fri 20/10/2017

Chris Ofili, National Gallery | reviews, news & interviews

Chris Ofili, National Gallery

Chris Ofili, National Gallery

Weaving with water: a tribute to Trinidad, the Old Masters and Mario Balotelli

Chris Ofili, 'The Caged Bird's Song', 2014-17© Chris Ofili. Courtesy the artist and Victoria Miro, London, The Clothworkers’ Company and Dovecot Tapestry Studio, Edinburgh. Photography: Gautier Deblonde

Flashes of intense colour pulse rhythmically across the piece, contrasting with delicate washes and pools of watery pigment that seem to quiver plumply, set to run uncontrollably at any moment. Lines drawn fast and bold describe four figures, while more tentative, carefully made marks barely delineate a foot, and a bird in a cage. If Chris Ofili’s new work, unveiled at the National Gallery on Tuesday, offers a glimpse into a dreamlike world of myth and magic, its execution represents nothing short of alchemy, the miraculous transformation of watercolour into tapestry.

Commissioned for the Clothworkers’ Hall in the City of London, where it will go on permanent display following this exhibition, the tapestry has endless resonances with the art of the past. Its evocations of classical mythology permit obvious comparisons with the Old Masters, amongst whom painters like Raphael and Goya produced designs for richly woven tapestries. Even the process of its creation is endearingly traditional: commissioned by the suitably ancient Clothworkers’ Company, Ofili produced a small watercolour for approval, a document akin to a contract design that served as the Dovecot Tapestry Studio’s main reference. From this, a cartoon was produced, allowing the basic design to be transferred to the weft threads, with a team of five craftsmen and women, usually working three at a time, setting to work with an undertaking of extraordinary and rare skill, on the final work that took some three years to complete.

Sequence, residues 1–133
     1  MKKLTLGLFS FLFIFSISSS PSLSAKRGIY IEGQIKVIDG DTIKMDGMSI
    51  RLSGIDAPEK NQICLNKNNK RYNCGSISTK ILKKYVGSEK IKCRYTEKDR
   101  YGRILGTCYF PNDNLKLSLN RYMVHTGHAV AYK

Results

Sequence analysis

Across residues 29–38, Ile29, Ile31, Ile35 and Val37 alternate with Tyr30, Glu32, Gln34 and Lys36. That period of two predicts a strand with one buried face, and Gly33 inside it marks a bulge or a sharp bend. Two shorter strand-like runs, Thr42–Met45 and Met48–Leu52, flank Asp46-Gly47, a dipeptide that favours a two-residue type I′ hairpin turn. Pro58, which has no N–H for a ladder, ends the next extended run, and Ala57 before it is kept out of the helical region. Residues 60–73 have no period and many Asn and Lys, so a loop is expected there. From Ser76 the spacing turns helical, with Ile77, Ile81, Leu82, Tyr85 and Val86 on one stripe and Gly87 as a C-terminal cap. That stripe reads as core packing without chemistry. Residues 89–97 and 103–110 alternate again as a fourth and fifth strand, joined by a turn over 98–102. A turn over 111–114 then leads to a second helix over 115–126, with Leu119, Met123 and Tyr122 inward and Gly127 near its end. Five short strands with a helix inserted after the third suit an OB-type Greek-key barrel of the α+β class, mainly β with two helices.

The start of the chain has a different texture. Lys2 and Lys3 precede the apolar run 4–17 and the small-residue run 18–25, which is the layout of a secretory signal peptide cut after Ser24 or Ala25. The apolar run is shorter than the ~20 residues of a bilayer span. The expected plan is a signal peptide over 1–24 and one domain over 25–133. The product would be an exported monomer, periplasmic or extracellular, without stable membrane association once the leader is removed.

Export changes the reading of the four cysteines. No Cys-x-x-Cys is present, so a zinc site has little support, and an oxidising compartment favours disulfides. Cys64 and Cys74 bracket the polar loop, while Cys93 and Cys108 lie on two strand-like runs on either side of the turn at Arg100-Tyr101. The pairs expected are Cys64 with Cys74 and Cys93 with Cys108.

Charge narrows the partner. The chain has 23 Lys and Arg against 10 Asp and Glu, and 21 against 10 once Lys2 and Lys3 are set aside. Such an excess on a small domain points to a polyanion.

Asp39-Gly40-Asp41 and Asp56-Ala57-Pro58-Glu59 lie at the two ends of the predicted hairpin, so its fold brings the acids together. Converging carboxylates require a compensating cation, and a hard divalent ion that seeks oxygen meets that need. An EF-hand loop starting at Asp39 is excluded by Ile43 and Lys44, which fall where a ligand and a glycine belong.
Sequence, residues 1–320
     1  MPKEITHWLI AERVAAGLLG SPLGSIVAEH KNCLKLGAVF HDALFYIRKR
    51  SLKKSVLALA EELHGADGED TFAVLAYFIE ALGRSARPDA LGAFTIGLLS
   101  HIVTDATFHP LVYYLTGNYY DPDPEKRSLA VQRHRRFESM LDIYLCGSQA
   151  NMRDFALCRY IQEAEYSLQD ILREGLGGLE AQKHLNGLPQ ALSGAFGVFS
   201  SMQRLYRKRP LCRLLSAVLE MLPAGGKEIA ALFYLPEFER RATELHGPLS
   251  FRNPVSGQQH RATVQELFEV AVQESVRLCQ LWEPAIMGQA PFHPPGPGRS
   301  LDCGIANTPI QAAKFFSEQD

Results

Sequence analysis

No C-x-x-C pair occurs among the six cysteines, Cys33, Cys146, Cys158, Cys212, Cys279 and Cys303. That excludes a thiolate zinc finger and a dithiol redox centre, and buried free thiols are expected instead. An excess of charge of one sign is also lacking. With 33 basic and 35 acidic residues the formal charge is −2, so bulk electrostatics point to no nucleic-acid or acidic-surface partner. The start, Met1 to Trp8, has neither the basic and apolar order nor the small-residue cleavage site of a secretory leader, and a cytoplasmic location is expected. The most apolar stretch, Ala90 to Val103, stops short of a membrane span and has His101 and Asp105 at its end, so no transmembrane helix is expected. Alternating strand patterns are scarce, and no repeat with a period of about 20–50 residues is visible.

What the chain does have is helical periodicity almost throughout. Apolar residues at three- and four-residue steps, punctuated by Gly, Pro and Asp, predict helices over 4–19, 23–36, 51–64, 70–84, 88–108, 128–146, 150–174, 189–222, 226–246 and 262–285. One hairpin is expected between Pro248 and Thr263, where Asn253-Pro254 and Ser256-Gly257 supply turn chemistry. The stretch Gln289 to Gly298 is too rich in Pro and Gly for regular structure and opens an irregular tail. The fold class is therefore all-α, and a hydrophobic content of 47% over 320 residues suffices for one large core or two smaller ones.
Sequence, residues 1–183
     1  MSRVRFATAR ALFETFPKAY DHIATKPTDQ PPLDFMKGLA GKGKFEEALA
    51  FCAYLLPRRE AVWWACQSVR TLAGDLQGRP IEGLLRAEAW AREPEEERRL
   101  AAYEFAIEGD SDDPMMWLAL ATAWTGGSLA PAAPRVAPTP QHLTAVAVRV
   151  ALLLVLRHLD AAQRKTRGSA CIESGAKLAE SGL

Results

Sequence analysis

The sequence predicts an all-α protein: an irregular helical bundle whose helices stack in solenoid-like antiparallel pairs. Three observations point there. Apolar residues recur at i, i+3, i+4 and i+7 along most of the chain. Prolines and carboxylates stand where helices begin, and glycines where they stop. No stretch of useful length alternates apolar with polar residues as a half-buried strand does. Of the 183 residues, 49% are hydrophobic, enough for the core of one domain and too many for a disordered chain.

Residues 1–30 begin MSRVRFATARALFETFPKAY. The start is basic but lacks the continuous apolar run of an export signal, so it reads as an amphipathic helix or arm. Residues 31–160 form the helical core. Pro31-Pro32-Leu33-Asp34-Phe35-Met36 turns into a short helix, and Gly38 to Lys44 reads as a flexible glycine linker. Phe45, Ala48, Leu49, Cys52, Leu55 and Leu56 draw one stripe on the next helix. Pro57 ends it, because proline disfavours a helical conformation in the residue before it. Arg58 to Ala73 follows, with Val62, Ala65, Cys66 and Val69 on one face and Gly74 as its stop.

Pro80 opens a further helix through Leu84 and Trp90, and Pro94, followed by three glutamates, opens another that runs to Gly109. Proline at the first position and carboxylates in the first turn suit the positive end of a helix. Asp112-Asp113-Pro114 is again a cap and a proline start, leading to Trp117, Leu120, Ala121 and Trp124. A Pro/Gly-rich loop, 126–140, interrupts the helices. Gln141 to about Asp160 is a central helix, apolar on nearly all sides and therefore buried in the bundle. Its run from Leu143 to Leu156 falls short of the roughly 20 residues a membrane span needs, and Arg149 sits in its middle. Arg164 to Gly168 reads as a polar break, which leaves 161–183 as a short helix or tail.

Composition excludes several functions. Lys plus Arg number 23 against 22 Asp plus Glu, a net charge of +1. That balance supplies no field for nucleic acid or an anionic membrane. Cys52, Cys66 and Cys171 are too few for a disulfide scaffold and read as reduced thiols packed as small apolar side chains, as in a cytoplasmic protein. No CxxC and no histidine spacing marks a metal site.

Chris Ofili, Balotelli (Sweet Cocktail) 1, 2014, © Chris Ofili Courtesy the artist and Victoria Miro, LondonBut while The Caged Bird’s Song is rooted in the art of the past, it is heavy with the artist’s own preoccupations, most bizarrely in the quasi-divine figure of a cocktail waiter in the sky, modelled on Italian footballer Mario Balotelli (pictured right: preparatory study). The title refers somewhat mysteriously to Maya Angelou’s autobiographical novel, and Ofili’s experiences of life in Trinidad are woven into the piece in its references to the colours, scenery and customs of the island. Two outer figures who seem to draw back the curtain on a mythical scene beyond are Trinidadian characters, a man with a caged bird opposite a woman holding the Crab Eye seeds that are said to make birds sing more sweetly.

The properties of watercolour are essential to the depiction of this watery Arcadia, and at the tapestry’s centre, where a man serenades a reclining woman, a pool meets the sea and a waterfall. Although Ofili stresses that the tapestry is an interpretation rather than a reproduction of his watercolour, its fidelity is awe-inspiring, capturing not just the freshness and vibrancy of the painting, but the idiosyncratic effects of liquid paint. Washes that meet and bleed into each other have retained in wool the complex and subtle effects of translucent layers of pigment, while areas of solid colour in the painting required three strands of yarn to be woven together to avoid a flat effect in the tapestry.

If the tapestry offers up a world of colour and storytelling, it is the monochrome depictions of temple dancers painted all around the Sunley Room that draw us in. In rendering our own world grey and flat, they pull us towards the light and colour of Ofili’s seductive scene, the unsettling prospect of Balotelli the cocktail waiter’s strange elixir, and the thunderstorm in the distance the only intimation that trouble might be brewing in Paradise.

@FlorenceHallett

Washes that meet and bleed have retained in wool the complex effects of layers of pigment

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